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Inside Iowa State, a newspaper for faculty and staff, is published by the Office of University Relations.

June 10, 2005

by Diana Pounds

JORDY glasses look like small binoculars. Put them on and you'll be able to spot an ant on the wall across the room. You'll also look a bit like LeVar Burton's visored Star Trek character Geordi, who inspired the name for the glasses.

Corinne Holtz and Janea Triplett
Corinne Holtz (left) and Janea Triplett in the Assistive Technology Lab

This summer, the glasses are helping an Iowa State student with low vision see what her classmates see as their professor lectures and jots on the whiteboard at the front of class.

The glasses use tiny cameras to magnify images as much as 30 times and project the results onto the student's eyes.

They're on loan to the student from Iowa State's Assistive Technology Lab -- a lab that helps people with low vision, paralysis, poor motor skills, cognitive difficulties and various other disabilities to stay in school or on the job.

The lab, in 138 Durham Center, was created through a partnership between Iowa State and the Iowa Vocational Rehabilitation Service in 2004. Serving both the Iowa State community and the state of Iowa, it's the only lab of its kind in the state.

Lab coordinator Corinne Holtz, who earned an undergraduate degree in mechanical engineering from Iowa State and a graduate degree in biomedical rehabilitation from University of Michigan, returned to Iowa State in May to lead the Assistive Technology Lab.

While she has only been on the job a few weeks, she brings several years of experience in the assistive technology field, working at the University of Oklahoma and for the state of Alabama. And she also brings to clients the empathy of one who has been there.

Holtz had been working in rehabilitation for about six years when she suddenly found herself in the same nightmare as many of her clients -- the victim of a catastrophe that robbed her of livelihood and threatened her future. In 2002, at age 30, Holtz suffered a severe stroke that put her in a wheelchair. Doctors told she would never walk or go back to work.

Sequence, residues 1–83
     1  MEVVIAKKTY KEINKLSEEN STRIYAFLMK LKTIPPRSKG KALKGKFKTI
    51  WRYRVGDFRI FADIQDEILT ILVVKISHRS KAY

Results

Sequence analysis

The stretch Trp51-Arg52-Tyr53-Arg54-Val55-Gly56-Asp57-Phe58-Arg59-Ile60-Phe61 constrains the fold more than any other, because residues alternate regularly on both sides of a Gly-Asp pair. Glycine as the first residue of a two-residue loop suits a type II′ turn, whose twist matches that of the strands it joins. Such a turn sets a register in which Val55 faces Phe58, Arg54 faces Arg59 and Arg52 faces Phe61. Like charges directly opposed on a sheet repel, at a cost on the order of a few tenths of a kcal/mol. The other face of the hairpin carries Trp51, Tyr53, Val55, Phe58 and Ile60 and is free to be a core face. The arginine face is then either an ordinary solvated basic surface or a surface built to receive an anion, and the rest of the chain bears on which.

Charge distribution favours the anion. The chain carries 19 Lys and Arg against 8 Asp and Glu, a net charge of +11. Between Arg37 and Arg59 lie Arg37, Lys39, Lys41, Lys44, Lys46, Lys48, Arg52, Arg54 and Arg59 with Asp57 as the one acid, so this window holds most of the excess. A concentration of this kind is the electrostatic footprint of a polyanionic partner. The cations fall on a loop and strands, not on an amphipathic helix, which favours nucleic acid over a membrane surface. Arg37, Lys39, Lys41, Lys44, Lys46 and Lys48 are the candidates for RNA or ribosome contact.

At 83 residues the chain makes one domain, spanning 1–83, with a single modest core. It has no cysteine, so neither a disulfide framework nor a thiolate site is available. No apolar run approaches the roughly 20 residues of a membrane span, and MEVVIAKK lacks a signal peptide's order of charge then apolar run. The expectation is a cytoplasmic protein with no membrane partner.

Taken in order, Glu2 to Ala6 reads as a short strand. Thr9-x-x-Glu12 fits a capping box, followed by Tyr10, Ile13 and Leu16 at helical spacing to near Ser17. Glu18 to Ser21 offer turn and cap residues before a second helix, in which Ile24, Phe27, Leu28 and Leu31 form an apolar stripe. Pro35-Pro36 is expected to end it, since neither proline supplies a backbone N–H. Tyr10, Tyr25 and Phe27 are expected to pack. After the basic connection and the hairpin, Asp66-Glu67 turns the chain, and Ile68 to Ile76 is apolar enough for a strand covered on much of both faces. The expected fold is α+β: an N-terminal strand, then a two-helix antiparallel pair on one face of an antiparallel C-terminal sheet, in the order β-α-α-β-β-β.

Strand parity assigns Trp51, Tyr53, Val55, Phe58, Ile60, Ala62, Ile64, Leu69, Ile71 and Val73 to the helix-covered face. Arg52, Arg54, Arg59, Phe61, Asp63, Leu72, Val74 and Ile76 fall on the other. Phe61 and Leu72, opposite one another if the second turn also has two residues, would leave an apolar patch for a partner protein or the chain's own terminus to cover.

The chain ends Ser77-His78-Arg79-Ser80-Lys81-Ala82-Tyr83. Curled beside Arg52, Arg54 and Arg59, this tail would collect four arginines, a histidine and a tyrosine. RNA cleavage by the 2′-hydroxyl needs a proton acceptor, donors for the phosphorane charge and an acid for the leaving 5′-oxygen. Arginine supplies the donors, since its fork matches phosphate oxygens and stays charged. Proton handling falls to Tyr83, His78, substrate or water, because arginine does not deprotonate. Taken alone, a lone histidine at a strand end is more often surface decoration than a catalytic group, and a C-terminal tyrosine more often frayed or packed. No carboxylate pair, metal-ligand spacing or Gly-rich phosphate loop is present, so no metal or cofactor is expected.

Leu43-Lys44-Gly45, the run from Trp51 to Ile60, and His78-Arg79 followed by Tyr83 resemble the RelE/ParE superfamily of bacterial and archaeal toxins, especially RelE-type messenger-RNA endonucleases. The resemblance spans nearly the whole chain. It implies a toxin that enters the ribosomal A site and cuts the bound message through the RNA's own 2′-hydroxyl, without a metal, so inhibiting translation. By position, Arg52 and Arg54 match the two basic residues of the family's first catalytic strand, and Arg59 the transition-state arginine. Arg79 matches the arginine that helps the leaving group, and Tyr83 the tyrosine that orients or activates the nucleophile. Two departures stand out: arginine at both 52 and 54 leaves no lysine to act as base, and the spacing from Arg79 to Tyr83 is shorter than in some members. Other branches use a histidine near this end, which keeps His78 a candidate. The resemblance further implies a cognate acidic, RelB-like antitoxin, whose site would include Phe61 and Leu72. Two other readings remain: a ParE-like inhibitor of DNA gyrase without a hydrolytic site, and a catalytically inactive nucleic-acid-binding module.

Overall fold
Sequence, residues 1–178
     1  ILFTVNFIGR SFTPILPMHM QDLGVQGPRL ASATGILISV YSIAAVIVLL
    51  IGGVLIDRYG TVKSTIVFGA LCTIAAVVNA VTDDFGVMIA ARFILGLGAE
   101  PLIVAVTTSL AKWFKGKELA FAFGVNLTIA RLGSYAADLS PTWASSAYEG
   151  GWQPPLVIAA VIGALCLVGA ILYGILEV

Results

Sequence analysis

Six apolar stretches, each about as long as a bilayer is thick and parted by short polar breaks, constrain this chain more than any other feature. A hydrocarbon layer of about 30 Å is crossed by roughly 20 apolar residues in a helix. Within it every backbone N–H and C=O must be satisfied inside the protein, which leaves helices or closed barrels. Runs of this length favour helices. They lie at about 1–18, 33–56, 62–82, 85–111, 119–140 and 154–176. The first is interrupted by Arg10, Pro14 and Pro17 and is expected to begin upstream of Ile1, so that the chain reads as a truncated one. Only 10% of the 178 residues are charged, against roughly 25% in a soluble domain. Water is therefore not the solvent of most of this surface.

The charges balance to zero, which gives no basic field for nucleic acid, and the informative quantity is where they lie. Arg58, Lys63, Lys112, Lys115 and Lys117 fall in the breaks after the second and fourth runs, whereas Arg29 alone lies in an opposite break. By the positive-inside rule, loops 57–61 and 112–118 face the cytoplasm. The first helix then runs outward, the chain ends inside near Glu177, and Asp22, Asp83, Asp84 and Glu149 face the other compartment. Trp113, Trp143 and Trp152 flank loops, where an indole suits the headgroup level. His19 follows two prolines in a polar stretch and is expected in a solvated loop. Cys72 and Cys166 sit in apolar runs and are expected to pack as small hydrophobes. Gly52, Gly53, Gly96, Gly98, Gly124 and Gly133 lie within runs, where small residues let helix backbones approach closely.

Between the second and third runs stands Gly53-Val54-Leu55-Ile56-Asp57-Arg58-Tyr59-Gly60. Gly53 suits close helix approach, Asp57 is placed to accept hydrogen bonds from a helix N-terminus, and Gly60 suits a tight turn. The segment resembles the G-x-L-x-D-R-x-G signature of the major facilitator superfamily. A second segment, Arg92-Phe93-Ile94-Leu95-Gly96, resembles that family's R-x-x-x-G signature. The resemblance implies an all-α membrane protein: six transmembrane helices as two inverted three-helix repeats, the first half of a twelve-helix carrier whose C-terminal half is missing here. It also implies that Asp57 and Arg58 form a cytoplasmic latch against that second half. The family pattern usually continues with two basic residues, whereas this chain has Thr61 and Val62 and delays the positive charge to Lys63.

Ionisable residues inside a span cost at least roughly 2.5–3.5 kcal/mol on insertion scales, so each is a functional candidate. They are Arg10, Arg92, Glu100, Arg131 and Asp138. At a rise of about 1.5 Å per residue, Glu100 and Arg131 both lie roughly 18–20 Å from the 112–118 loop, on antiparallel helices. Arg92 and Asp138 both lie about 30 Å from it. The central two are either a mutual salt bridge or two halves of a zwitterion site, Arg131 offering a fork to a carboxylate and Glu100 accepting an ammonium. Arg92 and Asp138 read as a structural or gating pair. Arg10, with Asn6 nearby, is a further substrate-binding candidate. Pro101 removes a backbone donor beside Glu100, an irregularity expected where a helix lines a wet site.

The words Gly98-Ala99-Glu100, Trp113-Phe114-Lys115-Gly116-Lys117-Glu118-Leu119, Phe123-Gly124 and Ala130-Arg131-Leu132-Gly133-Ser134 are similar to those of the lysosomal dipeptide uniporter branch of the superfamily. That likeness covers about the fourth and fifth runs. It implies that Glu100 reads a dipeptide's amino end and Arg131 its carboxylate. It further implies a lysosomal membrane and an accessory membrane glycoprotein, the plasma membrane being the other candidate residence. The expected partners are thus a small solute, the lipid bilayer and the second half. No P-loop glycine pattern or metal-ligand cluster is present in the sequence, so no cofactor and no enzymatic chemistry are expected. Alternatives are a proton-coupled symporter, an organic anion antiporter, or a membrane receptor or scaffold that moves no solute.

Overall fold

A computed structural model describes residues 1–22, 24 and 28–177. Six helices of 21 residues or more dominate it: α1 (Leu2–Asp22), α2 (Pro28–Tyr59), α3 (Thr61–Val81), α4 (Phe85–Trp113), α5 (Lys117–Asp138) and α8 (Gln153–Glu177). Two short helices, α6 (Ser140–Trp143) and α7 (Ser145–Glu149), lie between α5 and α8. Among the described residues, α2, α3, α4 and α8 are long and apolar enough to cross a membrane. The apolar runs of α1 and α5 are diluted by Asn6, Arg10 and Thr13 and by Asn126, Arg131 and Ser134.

Three years later, after her own stint in rehabilitation, Holtz is back to work, without the use of her left hand, but with new insight into those she helps ("its very valuable being on the other side") and renewed confidence in the high-tech devices she touts ("technology can be the tool to get people back to life").

Among assistive technologies are tools that magnify book pages onto computer screens, turn paper copies into Braille, and allow you to talk to your computer ... or your computer to talk to you. There are several mouse alternatives that allow people to direct cursors by moving their heads, their pupils, even their feet.

A popular technology on campus is the Kurzweil software, which reads scanned text aloud while highlighting the words on a computer screen. This technology is useful to those with poor vision as well as students who have learning disabilities, Holtz said.

Holtz and graduate assistant Janea Triplett spend much of their time making office calls or house calls around campus and the state to match clients with useful technologies.

"We work hard to keep our equipment portable so we can take it to people," Holtz said. Visiting clients where they work or live is important, she added, citing the example of one woman who wanted to use voice recognition software on her computer. The home visit turned up eight dogs, whose barking confused the software, until Holtz made the adjustments.

The Assistive Technology Lab gets its clients through referrals from university and state officials. ISU Disability Resources refers Iowa State students . (Approximately 100 ISU students have checked out assistive technologies on campus for summer classes.) ISU Human Resources refers faculty and staff. State vocational rehabilitation counselors refer other Iowans.

The partnership between Iowa State and Iowa Vocational Resources is working well, says Vocational Rehabilitation administrator Stephen Wooderson. Individuals with disabilities have "some of the best minds in the state solving barriers to their employment opportunities."

In her first few months on the job, Holtz is working to get the word out on the assistive technology lab and garner more clients.

"There are technology options for even the most severely impaired," she said.

"And there's no bigger thrill than helping someone keep a job or go to school."

She added that many assistive technologies turn out to be useful for everyone. Even those who aren't in wheelchairs like the convenience of curb cuts, she pointed out. "Assistive technology is an electronic curb cut."


Over-sized trackballs, talking computers, and text magnifiers are just a few of the technological wonders Corinne Holtz (left) and Janea Triplett use to help people stay in school or on the job. Holtz, coordinator of the Assistive Technology Lab, and graduate assistant Janea Triplett help clients both on campus and throughout the state.


"There's no bigger thrill than helping someone keep a job or go to school."

Corinne Holtz, coordinator, Assistive Technology Lab